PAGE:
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Issue #1602      July 17, 2013

Cheap groceries costing the earth

It was Jeff Kennett who sparked the sudden media interest in the plight of “fresh food” in Australia. The former Victorian Premier, as keen on a fresh loaf as anybody else, was incensed that the bread he was tempted to buy at Coles was labelled “Made in Ireland”. Australian Competition and Consumer Commission (ACCC) chief Rod Sims got onto the matter and eventually a case was brought against the giant supermarket chain for misleading people that their bread is made from scratch in their stores.

The higher-ups had seemingly caught on to what the rest of us have known for years – that, in this era of capitalist globalisation, our food has to travel a hell of a long way before it winds up in our stomachs.

The health benefits of fresh food are well known while the ultimate consequences of all these extremely well-travelled supermarket purchases can only be guessed at. The recklessness of burning huge amounts of fossil fuels to get “fresh” food to far flung markets is of no concern to global food monopolies, either.

Kennett’s Irish bread has become symbolic of a problem that capitalism can’t solve because it involves the basic way it operates. Capital scours the globe looking for any minimal advantage to maximise profits. In this instance, frozen dough is sent over 17,000 kilometres from Ireland to Australia to save cents on every loaf. Giant factories like Hiestand in Switzerland are in on the act, too. If we ever thought that, at least, food processing jobs were safe from job-crunching effects of globalisation, we can think again.

The effects of $1 and $2 a loaf bread on convenience stores have been devastating. A piece in The Australian Financial Review last month noted that Australian bakers Goodman Fielder and George Weston are trying to restore margins by charging delivery fees and refusing to take back their unsold bread. Local bakery sales have slumped since the cut price loaves hit the shelves in the big two supermarkets and their allied petrol stations.

“The sad thing for Australia is that international companies have production lines massively larger than our own,” Mr Kennett said, “so therefore our duopolists can easily import just the off-runs, to put it that way, of some of these and sell them cheaper but at a higher profit, than our local producers can produce.” Wake up and smell the capitalism!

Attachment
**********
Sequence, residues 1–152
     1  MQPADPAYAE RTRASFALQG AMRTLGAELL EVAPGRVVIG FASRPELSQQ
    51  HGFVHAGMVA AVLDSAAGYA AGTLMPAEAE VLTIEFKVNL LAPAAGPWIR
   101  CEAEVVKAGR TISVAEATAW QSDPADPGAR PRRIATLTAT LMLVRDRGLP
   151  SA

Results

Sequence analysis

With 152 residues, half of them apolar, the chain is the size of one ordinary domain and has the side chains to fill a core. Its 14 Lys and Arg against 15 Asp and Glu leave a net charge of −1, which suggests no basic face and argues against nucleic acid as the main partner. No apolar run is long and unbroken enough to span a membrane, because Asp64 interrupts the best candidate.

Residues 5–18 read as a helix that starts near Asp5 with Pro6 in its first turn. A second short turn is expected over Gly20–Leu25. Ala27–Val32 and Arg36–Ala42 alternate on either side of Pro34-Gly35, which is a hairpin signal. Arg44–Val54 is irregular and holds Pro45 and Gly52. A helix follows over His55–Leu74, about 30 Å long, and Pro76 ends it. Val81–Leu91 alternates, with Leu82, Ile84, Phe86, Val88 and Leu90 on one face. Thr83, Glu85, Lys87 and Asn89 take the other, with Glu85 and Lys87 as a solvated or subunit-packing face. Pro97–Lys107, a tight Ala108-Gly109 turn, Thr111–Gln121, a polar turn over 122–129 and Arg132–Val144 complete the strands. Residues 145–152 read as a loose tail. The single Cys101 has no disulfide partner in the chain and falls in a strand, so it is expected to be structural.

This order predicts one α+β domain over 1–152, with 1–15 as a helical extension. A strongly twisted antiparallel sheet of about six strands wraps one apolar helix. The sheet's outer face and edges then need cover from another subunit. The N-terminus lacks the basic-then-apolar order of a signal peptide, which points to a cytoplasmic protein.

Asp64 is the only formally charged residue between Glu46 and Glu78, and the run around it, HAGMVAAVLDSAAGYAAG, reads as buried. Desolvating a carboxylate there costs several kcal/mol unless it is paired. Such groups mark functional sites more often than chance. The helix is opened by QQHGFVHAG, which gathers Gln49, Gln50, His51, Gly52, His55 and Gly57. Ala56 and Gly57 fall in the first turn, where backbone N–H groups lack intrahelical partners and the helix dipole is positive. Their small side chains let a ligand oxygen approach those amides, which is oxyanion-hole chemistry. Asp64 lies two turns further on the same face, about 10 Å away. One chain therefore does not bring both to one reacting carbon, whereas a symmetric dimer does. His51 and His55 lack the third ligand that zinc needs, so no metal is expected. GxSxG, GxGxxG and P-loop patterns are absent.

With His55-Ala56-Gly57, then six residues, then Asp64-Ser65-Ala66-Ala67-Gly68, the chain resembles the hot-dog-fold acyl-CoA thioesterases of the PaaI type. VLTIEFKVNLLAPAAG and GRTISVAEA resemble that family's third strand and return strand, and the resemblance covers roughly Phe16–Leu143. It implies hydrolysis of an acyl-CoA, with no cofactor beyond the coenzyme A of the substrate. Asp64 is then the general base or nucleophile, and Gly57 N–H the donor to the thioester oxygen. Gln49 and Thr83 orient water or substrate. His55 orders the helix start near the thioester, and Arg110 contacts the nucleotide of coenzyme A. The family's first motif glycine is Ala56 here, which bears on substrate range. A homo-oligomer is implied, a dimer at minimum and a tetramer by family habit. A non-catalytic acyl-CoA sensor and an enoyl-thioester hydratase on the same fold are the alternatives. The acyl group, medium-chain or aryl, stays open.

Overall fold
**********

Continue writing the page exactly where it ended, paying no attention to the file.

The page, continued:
Obviously, access to such vast international markets gives the duopolists a big stick to deal with local suppliers. A race to the bottom is underway for many lines previously thought immune to competition from low-wage centres. Asian cauliflowers and cabbages are now squeezing locally-grown ones out of the “fresh” produce sections of the big supermarkets. “Our labour makes it just so expensive compared with Third World labour arrangements,” Victoria University Institute for Supply Chain and Logistics director Dr Hermione Parsons said recently. As poor as the piece-rates are on Australian farms, they can always go lower if the monopolists get their way.

Australia is still a net exporter of food but the times are changing. Fruit growers were among the first hit by the globalising trend and it has some way to play out. More than 750,000 trees are expected to be uprooted and burned soon in northern Victoria’s Goulburn Valley after demand from the SPC Ardmona cannery dropped by half since April. Third generation growers are fighting to stay on farms established by soldier-settlers in the late 1940s. Elsewhere, farmers are banding together to fight the encroachment of coal interests keen to begin “fracking” for gas on prime agricultural land.

Jeff Kennett has apparently joined that group of former Liberal leaders who spent their political lives serving big business interests but now wish to patch up some of the damage. He wants a national agriculture and water plan to do something about the trends that disturb him in his retirement.

He says he raised this with former PM John Howard in 1996 but, obviously, nothing was done to rein in the corporate interests wreaking havoc in rural Australia. We needn’t expect change from the ACCC, either. They have previously “investigated” the purchasing practices of Coles and Woollies and found nothing wrong. Promises from the Coalition of a “root and branch” review of the Competition and Consumer Act ring hollow. The parlous state of “fresh” food in Australia and across the world is one more demonstration that, while we might be able to afford Irish bread in our weekly shop, we cannot afford capitalism any longer.   

Next article – Edward Snowden: A conscience, waiting for a cause

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